Once again, restaurants are closing their dining rooms for virus-related reasons, though this time it is not out of fear of transmission — it is to avoid the challenges of enforcing vaccine mandates. Some quick service restaurant (QSR) locations in cities with proof of vaccine requirements are closing their seating areas, Reuters reported Friday (Oct. 1).
The news outlet noted that White Castle had closed its dining rooms in over 20 New York City locations, and that multiple Taco Bell and McDonald’s restaurants in the city had done the same. Inspectors in the city have issued thousands of warnings and a handful of $1,000 violations.
Over the past couple years, QSRs have been periodically forced to close their dining rooms for various reasons. With the initial round of COVID-19 lockdowns, many restaurant chains built out their off-premises options, rolling out delivery and curbside pickup options, among others. After the vaccine rollout got under way, and consumers returned to their lives away from home, the severity of the restaurant labor shortage became acutely felt, causing some QSRs to close dining rooms for lack of staffing.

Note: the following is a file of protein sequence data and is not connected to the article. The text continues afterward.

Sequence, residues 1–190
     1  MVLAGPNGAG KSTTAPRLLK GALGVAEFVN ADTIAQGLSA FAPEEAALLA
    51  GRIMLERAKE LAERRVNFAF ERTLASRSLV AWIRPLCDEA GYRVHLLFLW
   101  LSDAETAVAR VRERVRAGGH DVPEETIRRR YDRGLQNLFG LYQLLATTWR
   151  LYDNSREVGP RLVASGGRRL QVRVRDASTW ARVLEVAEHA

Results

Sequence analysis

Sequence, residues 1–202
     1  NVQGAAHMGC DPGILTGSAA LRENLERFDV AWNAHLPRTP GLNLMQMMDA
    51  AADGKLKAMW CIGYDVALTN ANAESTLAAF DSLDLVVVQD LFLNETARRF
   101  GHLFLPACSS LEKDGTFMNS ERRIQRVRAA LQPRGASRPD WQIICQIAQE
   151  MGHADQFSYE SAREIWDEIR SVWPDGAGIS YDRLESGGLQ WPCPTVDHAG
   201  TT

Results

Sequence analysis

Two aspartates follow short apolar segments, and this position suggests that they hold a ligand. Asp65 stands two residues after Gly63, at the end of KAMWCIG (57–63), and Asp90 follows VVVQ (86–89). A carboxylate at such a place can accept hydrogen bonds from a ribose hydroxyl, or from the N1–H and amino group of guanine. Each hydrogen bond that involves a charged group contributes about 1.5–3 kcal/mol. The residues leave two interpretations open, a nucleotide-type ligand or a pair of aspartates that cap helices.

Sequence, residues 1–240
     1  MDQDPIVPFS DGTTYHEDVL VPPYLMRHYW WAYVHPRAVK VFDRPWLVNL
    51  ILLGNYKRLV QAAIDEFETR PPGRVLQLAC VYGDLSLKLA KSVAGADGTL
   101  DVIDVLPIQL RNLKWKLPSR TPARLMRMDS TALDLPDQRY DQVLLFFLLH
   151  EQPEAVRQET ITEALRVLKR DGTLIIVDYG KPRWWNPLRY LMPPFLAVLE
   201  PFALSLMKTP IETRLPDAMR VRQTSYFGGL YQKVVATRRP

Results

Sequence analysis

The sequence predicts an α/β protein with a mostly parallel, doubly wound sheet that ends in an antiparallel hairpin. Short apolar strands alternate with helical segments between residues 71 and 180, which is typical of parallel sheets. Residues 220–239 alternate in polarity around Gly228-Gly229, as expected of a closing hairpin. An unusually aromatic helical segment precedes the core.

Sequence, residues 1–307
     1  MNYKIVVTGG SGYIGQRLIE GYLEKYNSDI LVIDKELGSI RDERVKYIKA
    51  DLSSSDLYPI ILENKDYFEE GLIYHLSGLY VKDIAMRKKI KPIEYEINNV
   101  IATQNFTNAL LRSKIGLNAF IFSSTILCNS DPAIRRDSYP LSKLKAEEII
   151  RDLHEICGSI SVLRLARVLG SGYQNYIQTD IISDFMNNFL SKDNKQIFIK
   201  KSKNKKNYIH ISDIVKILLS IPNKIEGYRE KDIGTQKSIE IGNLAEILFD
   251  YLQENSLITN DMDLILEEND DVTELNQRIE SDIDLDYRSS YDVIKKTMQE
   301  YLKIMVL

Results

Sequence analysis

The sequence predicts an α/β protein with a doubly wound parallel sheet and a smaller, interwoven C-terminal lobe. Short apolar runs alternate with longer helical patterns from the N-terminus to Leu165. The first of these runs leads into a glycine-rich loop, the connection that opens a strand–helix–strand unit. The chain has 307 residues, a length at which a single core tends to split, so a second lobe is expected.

Now, dining room closures are not the disasters for these restaurants that they were in March 2020, since brands have become accustomed to the demands of running an off-premises-only business. Still, these closures mark a significant lost sales opportunity, though they save the labor of checking for proof of vaccination and of maintaining the orderliness and cleanliness of the area.
By the Numbers
Research from PYMNTS’ Restaurant Readiness Index, created in partnership with Paytronix, finds that indoor dining makes up a small but far from negligible portion of QSRs’ revenue — 12% of sales come from dining room customers. While this may seem like a small percentage, it is the same share as sales that come through restaurants’ online delivery ordering platforms.
What the Experts are Saying
When dining rooms close, the restaurants with the most comprehensive digital options are the ones that succeed.
“Everyone in the industry saw the big swing to online ordering,” Jane McPherson, Capriotti’s senior vice president of marketing, told PYMNTS in an interview for the September/October edition of our Order to Eat report, reflecting on the last couple years. “We were really fortunate in that we had so much of our infrastructure really well built out. We had a really robust online ordering platform, and we were well-optimized. We quickly implemented a robust curbside pickup solution, offering customers the opportunity to [scan] a QR code and place an order from outside of the store.”
Still, vaccine mandates are something of a lose-lose for restaurants, whether cities have them or not.
“There’s a lot of anxiety,” Andrew Robbins, co-founder and CEO at Paytronix, said in an interview with Karen Webster, discussing the current climate among restaurant operators. “There’s anxiety from putting your frontline staff at risk, and you can put them at risk because of the Delta variant. You can also put them at risk trying to enforce this stuff.”